Moving on: How clubs have fared after switching stadiums
Published 10/05/2016 | 12:11
West Ham will say goodbye to Upton Park on Tuesday night after calling the Boleyn Ground home for 112 years.
The Hammers host Manchester United in their final fixture before they move into the Olympic Stadium in Stratford next season.
Here, Press Association Sport looks at other high-profile clubs who switched stadiums and how they have fared since.
1997 - BOLTON: BURNDEN PARK (25,000) TO THE MACRON STADIUM (28,723)
One of the founder members of the Football League had spent over 100 years at Burnden Park before opting for the site on the Middlebrook Retail Park where their modern stadium now sits. Wanderers had an 11-year Premier League run in their new ground, which also hosted European football and a Coldplay concert, but next year it will be a League One venue following the club's recent relegation. The facility is still owned by Bolton's owners after various other assets, including their training ground, were sold off this year to stave off the threat of liquidation.
1997 - SUNDERLAND: ROKER PARK (22,500) TO THE STADIUM OF LIGHT (49,000)
Following the Hillsborough disaster and the subsequent Taylor Report, clubs were required to play in an all-seater stadium and converting Roker Park into such an arena proved too difficult for Sunderland. The Stadium of Light is just a stone's throw away from the Roker Park site and it will host its third England game later this month. Since moving, the Black Cats have spent the majority of the time in the Premier League and a home victory over Everton on Wednesday would seal a 10th straight year in the top flight.
2001 - SOUTHAMPTON: THE DELL (15,200 capacity) TO ST MARY'S STADIUM (32,505)
While many visiting teams came unstuck in the cramped atmosphere at The Dell, Saints needed a new residency and their then-home was not fit for a massive renovation. They moved to a venue more than twice the size of their previous ground, though they spent seven seasons outside the top flight recently before rising again. Things are looking up now, and a top-eight finish for the third successive campaign has already been confirmed by Ronald Koeman's team.
2002 - LEICESTER: FILBERT STREET (22,000) TO KING POWER STADIUM (32,262)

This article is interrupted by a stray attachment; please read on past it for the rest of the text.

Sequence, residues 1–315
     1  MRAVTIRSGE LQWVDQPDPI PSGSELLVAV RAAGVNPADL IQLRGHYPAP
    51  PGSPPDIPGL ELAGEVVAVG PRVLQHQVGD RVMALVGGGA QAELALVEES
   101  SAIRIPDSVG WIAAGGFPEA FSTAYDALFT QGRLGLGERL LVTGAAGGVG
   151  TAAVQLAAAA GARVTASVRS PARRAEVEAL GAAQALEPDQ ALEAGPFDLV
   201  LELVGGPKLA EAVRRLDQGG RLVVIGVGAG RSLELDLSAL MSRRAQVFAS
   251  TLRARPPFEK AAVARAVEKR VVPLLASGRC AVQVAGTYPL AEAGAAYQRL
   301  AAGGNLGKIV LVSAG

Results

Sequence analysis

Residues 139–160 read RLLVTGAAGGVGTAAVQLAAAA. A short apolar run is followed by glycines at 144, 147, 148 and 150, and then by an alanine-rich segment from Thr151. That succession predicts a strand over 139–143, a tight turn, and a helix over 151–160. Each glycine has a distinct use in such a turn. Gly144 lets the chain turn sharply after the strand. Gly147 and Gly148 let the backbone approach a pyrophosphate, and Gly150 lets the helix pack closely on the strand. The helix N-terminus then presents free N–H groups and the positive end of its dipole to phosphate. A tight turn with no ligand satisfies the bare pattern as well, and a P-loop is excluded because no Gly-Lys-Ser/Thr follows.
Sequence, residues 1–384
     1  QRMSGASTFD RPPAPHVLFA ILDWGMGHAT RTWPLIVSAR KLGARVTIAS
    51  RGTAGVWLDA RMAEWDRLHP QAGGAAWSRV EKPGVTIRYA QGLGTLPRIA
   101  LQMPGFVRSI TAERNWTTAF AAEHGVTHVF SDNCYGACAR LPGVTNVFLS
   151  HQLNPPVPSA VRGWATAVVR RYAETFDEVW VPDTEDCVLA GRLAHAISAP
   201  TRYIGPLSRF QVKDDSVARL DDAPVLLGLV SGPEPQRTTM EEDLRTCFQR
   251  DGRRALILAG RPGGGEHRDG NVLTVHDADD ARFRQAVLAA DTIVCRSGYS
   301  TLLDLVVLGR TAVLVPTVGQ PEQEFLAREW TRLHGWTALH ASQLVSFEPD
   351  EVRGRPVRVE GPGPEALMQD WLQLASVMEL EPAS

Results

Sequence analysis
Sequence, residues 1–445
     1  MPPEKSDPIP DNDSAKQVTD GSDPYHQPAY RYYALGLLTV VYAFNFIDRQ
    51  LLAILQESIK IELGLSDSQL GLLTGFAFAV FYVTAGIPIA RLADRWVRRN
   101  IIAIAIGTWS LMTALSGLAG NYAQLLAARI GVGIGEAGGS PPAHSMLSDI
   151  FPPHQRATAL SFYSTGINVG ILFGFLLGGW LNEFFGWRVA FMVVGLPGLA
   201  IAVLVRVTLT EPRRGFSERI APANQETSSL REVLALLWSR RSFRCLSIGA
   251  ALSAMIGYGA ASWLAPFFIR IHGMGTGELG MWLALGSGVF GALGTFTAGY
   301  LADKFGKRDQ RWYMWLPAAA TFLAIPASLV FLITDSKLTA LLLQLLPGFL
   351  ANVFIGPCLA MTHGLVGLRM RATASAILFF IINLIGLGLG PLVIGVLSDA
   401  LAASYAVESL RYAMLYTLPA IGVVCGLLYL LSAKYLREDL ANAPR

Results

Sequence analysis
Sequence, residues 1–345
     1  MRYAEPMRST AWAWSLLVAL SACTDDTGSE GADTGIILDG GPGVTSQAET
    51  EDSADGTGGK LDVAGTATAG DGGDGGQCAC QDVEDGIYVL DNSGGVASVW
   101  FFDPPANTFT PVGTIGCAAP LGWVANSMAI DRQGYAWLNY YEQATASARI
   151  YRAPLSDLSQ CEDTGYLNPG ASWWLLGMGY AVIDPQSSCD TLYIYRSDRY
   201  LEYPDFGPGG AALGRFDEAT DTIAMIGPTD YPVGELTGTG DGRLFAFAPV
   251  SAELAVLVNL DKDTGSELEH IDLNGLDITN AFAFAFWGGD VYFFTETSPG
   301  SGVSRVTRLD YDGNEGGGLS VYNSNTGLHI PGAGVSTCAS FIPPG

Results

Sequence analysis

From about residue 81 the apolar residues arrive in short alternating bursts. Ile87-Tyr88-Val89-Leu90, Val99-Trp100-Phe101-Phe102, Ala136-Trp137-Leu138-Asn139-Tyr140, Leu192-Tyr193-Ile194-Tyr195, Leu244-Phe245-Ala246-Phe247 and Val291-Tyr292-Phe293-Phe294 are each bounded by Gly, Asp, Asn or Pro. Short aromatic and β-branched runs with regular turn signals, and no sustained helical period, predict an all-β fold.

Martin O'Neill brought great success and increased interest in the Foxes in the late 1990s as he led them to four top-10 Premier League finishes and a pair of League Cup triumphs. Leicester decided they needed a bigger ground to accommodate more fans and they moved into a ground known originally as The Walkers Stadium. Although they have spent just three seasons in the top flight since they upped sticks, this term's unlikely Premier League triumph will see the King Power Stadium host Champions League football next year.
2003 - MANCHESTER CITY: MAINE ROAD (35,150) TO THE ETIHAD STADIUM (48,000, expanded to 55,097)
In a scenario similar to the Hammers' current situation, opportunity knocked for Manchester City when The City of Manchester Stadium needed a new resident following the Commonwealth Games in 2002. That helped make them an attractive proposition for the takeover fronted by Sheikh Mansour in 2008 and his millions have helped deliver two league titles, two League Cups and an FA Cup in recent years. City have since expanded the stadium and built the Etihad Campus around the ground.
2005 - SWANSEA: VETCH FIELD (11,475) TO THE LIBERTY STADIUM (20,966)
Swansea were still only a fourth-tier club in their final campaign at Vetch Field but the local council recognised that both the Swans and the town's rugby union club, the Ospreys, needed new homes. Since moving into their current abode as part of a joint venture, the Swans have been on an upward trajectory, reaching the Premier League, where they will spend a sixth consecutive campaign next term. The site at Vetch Field was recently transformed into allotments.
2006 - ARSENAL: HIGHBURY (38,419) TO THE EMIRATES STADIUM (60,260)
Despite the success Arsene Wenger's side experienced at Highbury, including the 2003-04 Invincibles season, the club felt they needed to move to a bigger venue to generate the revenue needed to continue to compete with the division's big hitters. The cost of financing the new ground left Wenger without a significant transfer kitty for several seasons, but even after spending big on the likes of Mesut Ozil and Alexis Sanchez recently, the Gunners have won just two FA Cups since the relocation.